I’m not sure what I expected out of Crackdown 2. When I first saw the television ad, my immediate reaction was “are they serious?” Who would air an ad showing your game slowing down to 15 frames per second and explosions amid terrible lighting effects? But they were serious; dead serious. And Crackdown 2 certainly lives down to the hype.
And to think, all this could be easily avoided if the Agent would admit his flaws and use an elevator once in a while.
Crackdown 2 is a sandbox game in theory. A sandbox game generally refers to a game with an open environment to be explored and interacted with. Usually there are side quests which may or may not be relevant or helpful to the plot. Crackdown 2 throws all the required features in to merit the name “sandbox” without capturing the intent behind the word. Simply put, it entirely forgot what made Sandboxes fun: the sand.
So there’s a city. It was lifted from the last game block for block. In this city there are three things: zombies, gangsters and civilians. The entirety of their programming is summed up as follows. Zombies: attack everything until reduced to paste by bullets/fists/motor vehicles. Gangsters: shoot player character until reduced to paste by bullets/fists/motor vehicles. Civilians: walk in directions at random until reduced to paste by bullets/fists/motor vehicles. And here is what the player character can do with them. Zombies: set up a satellite grid by going to three triangulation points, then attack their base and defend a capture point for a certain amount of time. Gangsters: attack their base and defend a capture point for a certain amount of time. Civilians: race them. Also you can reduce all of them to paste using guns, your fists and motor vehicles. And that’s it, that’s literally all there is to do in this game. Here is the entire list of characters: tutorial guy who talks in your ear, lady who is the leader of the gangsters, and you, a nameless cloned Agent. This is sort of like filling a sandbox with large rocks to save time. Sure sand and rocks are molecularly indistinct, but one is fun and the other is painful.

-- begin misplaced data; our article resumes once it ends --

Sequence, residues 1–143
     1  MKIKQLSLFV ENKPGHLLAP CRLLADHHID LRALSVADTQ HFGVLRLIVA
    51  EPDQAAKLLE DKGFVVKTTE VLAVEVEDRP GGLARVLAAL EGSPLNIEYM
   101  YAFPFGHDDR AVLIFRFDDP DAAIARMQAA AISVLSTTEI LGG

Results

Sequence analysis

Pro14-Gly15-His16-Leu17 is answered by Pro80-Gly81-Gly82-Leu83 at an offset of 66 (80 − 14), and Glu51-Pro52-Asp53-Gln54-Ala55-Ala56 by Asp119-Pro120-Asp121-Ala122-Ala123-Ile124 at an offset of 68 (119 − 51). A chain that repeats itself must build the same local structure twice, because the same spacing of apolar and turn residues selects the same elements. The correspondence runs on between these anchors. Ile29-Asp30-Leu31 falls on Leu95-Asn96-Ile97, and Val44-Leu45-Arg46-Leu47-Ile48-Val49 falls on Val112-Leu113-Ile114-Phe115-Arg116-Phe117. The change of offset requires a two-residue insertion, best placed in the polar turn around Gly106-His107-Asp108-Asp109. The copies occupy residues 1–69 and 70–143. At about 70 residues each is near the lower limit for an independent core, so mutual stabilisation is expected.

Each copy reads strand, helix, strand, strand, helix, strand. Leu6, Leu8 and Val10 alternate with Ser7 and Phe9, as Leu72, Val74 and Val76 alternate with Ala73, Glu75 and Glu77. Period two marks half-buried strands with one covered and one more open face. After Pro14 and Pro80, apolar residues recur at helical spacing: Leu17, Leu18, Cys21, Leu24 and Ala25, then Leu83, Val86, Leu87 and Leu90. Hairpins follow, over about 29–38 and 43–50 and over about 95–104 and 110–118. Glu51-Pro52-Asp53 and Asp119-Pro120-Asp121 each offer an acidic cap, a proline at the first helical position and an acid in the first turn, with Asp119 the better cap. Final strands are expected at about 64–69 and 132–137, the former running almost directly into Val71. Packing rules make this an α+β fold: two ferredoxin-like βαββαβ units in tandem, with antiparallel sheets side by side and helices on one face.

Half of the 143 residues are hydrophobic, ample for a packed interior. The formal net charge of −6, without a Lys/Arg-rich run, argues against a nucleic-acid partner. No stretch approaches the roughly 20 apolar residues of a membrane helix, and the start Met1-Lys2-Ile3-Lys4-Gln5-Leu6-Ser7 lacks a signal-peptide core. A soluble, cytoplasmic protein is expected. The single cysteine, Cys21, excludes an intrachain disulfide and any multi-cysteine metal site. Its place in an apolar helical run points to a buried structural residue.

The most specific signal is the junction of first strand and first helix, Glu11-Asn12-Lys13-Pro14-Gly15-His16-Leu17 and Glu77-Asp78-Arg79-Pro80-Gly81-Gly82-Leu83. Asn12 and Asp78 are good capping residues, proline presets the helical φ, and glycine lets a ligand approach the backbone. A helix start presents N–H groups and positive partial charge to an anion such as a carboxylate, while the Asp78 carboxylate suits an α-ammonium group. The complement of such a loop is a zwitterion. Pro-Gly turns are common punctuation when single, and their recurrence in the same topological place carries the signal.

There isn’t a plot; it would be literally impossible to give spoilers. There are zombies and you need to get rid of them by going to their nine bases and killing their dudes. The bases, by the way, are not well designed tunnels or hideouts, they’re just one platform you stand on and murder things until you’re done. There is also an unrelated terrorist organization called Cell. At one point I thought the game was actually going to have a plot or character development when the terrorist leader tried to talk to me and convince me I was working for the wrong people. Too bad the writing is atrocious: “they don’t care about helping people, they just want power.” Any Anarchist would say that about any government, yet here I am helping people by getting rid of zombies and murderers: your argument is invalid. Perhaps that tiny shadow of a plot was the result of the one time someone at the design meetings perked up and said “I have an idea,” because it is certainly the only spark of original thought to be found anywhere in Crackdown 2.